Richard E. Sharpe, MD, MBA: Peer Learning—Why the Time Is Now

Get a peer learning program started next week; relinquish the fascination with misses; seek to identify and spread learning opportunities.

Richard E. Sharpe, MD, MBA,
Chair, Breast Imaging, Mayo Clinic Arizona
July 27, 2022

In urging our member practices to get started on the transition from peer review to peer learning during Strategic Radiology’s Quality Forum in May, Richard E. Sharpe Jr, MD, MBA, chair, breast imaging, Mayo Clinic Arizona, had a list of the limitations of the typical peer review process:

  • Random—not curated—reviews of previously reviewed studies
  • Selected cases focus on misses
  • Closed door meetings
  • Limited participation
  • Discussions focus on need to make judgement
  • Little to no evidence presented
  • Patient/radiologist identifiers present
  • Outcome often discussed before voting
  • Voting by show of hands
  • Results only discussed with involved radiologist
  • Learning opportunity not distributed to team members

The peer review process is “not really producing any meaningful impacts but has nonetheless been the requirement until lately,” he said. “Let’s get to a better place together and start a peer learning program instead!”

Begin with research at your practice. How do people feel about the current program. What are its strengths and limitations?

Create your vision. What are the goals and opportunities for transitioning to peer learning? Discuss the need for change with your team and leaders, identify champions and feed their interest; and identify people’s concerns about the program.

Engage your army. “Realize that all of you have in your practice an untapped army of people who are ready to make care better in your practice tomorrow than it is today,” he said. They just need to be engaged.

Create a program that will channel radiologist interests. Identify a few learning opportunities and set ground rules—for example, you can’t say the word “malpractice,” it is not constructive. You can’t say “everybody should catch that.”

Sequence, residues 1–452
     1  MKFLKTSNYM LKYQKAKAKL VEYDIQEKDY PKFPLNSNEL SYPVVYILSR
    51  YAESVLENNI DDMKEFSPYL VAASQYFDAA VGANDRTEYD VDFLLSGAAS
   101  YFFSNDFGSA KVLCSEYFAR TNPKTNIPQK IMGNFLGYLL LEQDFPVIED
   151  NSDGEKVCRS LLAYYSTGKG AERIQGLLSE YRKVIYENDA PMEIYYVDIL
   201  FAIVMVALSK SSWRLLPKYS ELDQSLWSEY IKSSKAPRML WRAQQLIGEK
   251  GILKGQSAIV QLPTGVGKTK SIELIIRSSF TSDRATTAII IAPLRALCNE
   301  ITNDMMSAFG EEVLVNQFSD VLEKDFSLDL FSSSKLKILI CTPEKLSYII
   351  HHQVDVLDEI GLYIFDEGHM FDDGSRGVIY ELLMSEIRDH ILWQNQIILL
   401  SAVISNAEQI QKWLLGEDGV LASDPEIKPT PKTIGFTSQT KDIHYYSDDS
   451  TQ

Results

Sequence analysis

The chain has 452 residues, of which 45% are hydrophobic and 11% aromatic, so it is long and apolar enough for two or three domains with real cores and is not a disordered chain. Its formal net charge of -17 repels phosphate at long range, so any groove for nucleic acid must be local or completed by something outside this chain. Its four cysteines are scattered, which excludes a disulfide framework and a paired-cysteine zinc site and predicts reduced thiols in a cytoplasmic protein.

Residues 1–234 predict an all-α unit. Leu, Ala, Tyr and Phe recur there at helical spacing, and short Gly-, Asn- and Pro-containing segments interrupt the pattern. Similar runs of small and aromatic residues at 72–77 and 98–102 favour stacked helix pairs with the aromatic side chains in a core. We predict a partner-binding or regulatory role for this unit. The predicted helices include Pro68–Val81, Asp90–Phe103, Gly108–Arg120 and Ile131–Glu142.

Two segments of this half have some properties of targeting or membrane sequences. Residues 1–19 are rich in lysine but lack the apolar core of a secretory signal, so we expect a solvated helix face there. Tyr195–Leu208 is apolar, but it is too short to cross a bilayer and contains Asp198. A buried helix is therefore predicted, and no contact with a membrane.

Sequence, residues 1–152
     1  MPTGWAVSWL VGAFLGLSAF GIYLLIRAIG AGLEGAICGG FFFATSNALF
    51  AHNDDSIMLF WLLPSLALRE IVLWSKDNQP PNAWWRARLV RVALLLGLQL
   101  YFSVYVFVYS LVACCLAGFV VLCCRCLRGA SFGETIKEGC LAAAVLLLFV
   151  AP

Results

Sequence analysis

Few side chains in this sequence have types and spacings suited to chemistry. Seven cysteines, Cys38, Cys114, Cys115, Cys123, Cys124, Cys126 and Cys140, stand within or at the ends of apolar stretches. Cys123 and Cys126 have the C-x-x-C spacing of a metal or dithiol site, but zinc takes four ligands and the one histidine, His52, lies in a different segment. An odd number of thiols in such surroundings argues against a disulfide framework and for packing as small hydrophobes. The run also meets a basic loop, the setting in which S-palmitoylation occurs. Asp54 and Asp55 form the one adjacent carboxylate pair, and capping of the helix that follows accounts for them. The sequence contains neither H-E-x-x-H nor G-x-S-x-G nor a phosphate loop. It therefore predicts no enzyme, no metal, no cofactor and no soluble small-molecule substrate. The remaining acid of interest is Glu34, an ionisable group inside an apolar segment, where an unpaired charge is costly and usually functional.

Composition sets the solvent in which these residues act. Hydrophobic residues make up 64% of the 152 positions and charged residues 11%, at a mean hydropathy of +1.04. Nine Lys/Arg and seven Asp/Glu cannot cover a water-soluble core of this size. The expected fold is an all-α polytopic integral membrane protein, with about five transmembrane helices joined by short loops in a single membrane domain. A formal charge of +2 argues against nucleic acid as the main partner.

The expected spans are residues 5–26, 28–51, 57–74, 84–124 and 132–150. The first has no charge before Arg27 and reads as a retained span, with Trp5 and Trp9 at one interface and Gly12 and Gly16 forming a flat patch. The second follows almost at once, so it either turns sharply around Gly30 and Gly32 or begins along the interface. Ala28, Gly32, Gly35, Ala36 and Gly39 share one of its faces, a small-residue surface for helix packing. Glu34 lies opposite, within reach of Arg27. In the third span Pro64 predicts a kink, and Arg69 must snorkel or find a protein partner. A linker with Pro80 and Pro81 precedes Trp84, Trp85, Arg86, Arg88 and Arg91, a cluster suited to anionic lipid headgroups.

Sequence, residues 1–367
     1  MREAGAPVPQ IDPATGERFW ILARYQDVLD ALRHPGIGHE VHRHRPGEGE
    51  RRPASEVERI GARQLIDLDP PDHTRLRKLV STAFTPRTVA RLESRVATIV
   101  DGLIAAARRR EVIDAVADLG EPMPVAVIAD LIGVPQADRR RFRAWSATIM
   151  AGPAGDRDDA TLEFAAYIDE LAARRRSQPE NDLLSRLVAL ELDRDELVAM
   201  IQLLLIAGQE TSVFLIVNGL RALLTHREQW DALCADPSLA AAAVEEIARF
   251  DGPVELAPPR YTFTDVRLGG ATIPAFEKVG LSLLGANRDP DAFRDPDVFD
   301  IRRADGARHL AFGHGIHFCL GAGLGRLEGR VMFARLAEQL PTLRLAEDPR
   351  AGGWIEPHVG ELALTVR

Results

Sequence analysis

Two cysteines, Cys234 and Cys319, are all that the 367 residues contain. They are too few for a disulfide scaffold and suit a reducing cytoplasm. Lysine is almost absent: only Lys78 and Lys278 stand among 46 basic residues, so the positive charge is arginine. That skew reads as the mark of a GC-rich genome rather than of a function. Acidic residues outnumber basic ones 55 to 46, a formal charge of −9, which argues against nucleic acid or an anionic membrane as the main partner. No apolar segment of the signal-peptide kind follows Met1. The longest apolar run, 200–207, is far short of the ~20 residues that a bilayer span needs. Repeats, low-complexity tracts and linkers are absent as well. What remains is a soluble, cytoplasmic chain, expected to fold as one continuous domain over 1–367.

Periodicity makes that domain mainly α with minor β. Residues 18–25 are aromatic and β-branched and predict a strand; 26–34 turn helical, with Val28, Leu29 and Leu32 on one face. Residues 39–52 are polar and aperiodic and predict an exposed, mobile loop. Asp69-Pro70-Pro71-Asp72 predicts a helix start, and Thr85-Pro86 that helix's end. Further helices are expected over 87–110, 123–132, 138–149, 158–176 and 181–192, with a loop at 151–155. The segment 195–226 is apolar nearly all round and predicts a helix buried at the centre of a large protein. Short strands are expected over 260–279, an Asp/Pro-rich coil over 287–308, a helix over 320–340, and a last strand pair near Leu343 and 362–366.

Create a peer learning policy that includes goals, targets, workflow, and QI efforts. And don’t forget to think about how you are going to document all of this. Dr. Sharpe recommended accessing the template for this purpose provided by the ACR.

Don’t be too ambitious in setting your case review requirement, because if you don’t meet it, you will need to undergo an extra step to reduce the number. “You can tell your radiologists, you would like them to submit two cases a month, but make the policy one,” Dr. Sharpe recommended. “That way, when the ACR comes to accredit your program, you’ve met your policy. If you set your policy high and you don’t meet it, then you must go through a remediation step.”

Submitting and curating learning opportunities does not need to be costly, elaborate, or require custom software. “There are a variety of ways that you can take the learning opportunities that are in your case mix in the cases your radiologists are reading and convert them into practice improvement,” Dr. Sharpe advised. “One of the workflows that some practices use is a simple email or a PHI-compatible web form such as Microsoft Office forms or a PHI-compatible Survey Monkey.”

Ideally, the peer learning leader will curate all of the learning opportunities that come in and prioritize the areas that the team needs to be aware of and that will improve the practice. “Some places send a PDF of learning opportunities every quarter,” he said, adding that it is best to assess what is best for your practice. “Everyone does this a little differently.”